• The 1997 Modern Language Association Convention, scheduled this year in Toronto, will begin at 7:00 p.m. on Saturday, December 27, and end at 3:00 p.m. on Tuesday, December 30. The convention will take place at the Royal York Hotel/Metro Toronto Convention Centre (English Sessions); and the Sheraton Centre Toronto (Foreign Language Sessions, Job Information and Child Care). Exhibits will be located at the Metro Toronto Convention Centre. All MLA members and others involved in the study or teaching of language and literature must register in order to attend or participate in meetings, visit the exhibit hall, take part in the job service, or reserve hotel rooms at special MLA rates. Regular and nonmembers will receive a discount if they pay registration fees before December 5. For further information see Barbara Saxon or Quinny.


Coolbrith/Poet Laureate Poetry Competitions. The Department of Literature is accepting submissions for the Ina Coolbrith Memorial Poetry Prizes and the Poet Laureate Awards. The Coolbrith competition was established by friends of the late Ina Coolbrith, former Poet Laureate of California. $400 is available annually for prizes, to be apportioned by the judges. Awards are made for the best unpublished poem or group of poems by an undergraduate student at the UC campuses, University of the Pacific, Mills College, Stanford University, the University of Santa Clara, or St. Mary's College. The Poet Laureate competition was established by the Ina Coolbrith Circle. Four prizes ($100; $75; $50; $25) are awarded for the best poetry submissions from graduate or undergraduate students at any of the UC campuses. Manuscripts must be typewritten or clearly printed. A duplicate should be kept, as manuscripts can- not be returned. A cover sheet should be attached with the following information: name, local address, telephone number, permanent address, social security number, U.S. citizen (yes or no), major, student status (graduate or undergraduate), title of entry, and name of contest (Coolbrith or Poet Laureate). Students may enter both contests, but not with the same poems. A faculty judge from the Department of Literature will select three finalists for each contest from the UCSD submissions. These entries will be forwarded, via the Committee on Prizes at UC Berkeley, to a panel of judges who will select the winners. UCSD entries must be submitted to the Undergraduate Office, Room 110 Literature Building, by no later than Wednesday, December 17, 1997.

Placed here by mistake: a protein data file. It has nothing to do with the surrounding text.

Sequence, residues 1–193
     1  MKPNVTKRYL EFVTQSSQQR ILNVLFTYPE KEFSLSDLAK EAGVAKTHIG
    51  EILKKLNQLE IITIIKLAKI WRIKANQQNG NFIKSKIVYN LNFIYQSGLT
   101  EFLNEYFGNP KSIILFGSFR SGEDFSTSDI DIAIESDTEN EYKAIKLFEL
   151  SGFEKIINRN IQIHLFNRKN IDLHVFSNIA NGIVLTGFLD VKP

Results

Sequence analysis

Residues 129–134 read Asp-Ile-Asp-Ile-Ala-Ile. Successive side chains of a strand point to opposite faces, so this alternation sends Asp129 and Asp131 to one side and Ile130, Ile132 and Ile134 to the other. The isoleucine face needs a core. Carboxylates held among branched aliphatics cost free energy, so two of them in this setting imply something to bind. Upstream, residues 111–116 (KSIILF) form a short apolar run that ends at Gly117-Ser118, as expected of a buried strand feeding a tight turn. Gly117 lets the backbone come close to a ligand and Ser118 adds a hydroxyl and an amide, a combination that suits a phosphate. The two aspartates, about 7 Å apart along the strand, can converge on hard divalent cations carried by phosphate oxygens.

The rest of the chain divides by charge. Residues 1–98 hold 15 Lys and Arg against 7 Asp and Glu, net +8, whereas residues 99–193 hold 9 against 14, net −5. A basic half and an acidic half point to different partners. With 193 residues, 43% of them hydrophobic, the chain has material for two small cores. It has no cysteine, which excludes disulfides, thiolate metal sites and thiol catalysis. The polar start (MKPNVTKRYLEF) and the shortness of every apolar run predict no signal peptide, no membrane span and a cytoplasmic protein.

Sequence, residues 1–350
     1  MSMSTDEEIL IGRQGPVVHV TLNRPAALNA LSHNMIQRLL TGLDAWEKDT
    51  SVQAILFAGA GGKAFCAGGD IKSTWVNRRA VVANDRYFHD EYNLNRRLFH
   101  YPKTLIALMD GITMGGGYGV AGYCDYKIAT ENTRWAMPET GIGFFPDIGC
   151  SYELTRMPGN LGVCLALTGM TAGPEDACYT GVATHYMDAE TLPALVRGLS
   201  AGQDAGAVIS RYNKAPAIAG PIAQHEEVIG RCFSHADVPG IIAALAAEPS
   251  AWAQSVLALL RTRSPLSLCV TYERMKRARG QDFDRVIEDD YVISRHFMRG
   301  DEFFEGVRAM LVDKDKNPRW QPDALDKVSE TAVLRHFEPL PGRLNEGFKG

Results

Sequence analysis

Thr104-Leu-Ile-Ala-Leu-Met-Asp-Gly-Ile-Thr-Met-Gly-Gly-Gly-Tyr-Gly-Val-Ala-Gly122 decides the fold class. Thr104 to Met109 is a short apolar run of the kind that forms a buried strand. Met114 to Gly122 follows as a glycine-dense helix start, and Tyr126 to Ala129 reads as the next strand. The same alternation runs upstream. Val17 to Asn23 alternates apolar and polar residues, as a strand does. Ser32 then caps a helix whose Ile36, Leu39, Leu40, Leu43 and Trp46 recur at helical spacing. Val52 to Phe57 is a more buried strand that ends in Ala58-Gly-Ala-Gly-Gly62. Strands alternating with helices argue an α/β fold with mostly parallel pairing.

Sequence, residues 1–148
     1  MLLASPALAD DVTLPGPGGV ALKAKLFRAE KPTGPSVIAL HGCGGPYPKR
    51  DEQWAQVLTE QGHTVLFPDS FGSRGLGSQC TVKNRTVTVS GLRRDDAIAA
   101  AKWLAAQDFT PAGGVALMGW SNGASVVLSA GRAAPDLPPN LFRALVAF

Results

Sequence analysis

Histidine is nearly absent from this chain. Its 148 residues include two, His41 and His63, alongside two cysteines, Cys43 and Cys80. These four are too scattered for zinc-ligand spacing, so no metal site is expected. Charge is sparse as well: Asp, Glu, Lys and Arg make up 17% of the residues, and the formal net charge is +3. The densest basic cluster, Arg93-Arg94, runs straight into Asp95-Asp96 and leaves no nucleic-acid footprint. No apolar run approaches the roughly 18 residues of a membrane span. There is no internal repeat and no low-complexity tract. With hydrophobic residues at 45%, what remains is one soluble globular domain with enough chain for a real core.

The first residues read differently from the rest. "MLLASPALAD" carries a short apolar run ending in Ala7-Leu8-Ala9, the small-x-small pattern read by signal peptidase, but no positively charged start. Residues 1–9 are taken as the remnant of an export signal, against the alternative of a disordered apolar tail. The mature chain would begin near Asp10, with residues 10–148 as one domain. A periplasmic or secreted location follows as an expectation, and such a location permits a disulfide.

Research/Fellowship Opportunities

  • Research Grants. Academic Senate members who would like to apply for research support for 1997-98 must submit a Research Grant Application to the Committee on Research, Academic Senate Office, 0002, by 2:00 p.m., October 17, 1997. Applications received after this date will be returned. Grants generally do not exceed $7,000. Priority is given to junior and new faculty with no extramural support and to new projects that will lead to extramural support. Second applications in the same fiscal year will receive low priority. Funds may be awarded for supplies, field work, assistance, travel for research purposes and equipment. Limited funds are available to support the final preparation of manuscripts for submission to publishers. Additional information and application forms are available from Linda Lewis.
  • Intercampus Exchange Opportunity Fund Grants. Airfare is provided to Academic Senate members and registered graduate students for travel to other UC campuses and/or facilities for study and research, and to faculty invited to UCSD from other UC campuses for the purpose of research consultations which will benefit UCSD faculty. These funds may not be used for travel to attend conferences that happen to take place at UC facilities. Awards are made for the lowest published airfare not to exceed $250 (or mileage in lieu of airfare), but not per diem. See Linda Lewis for an application.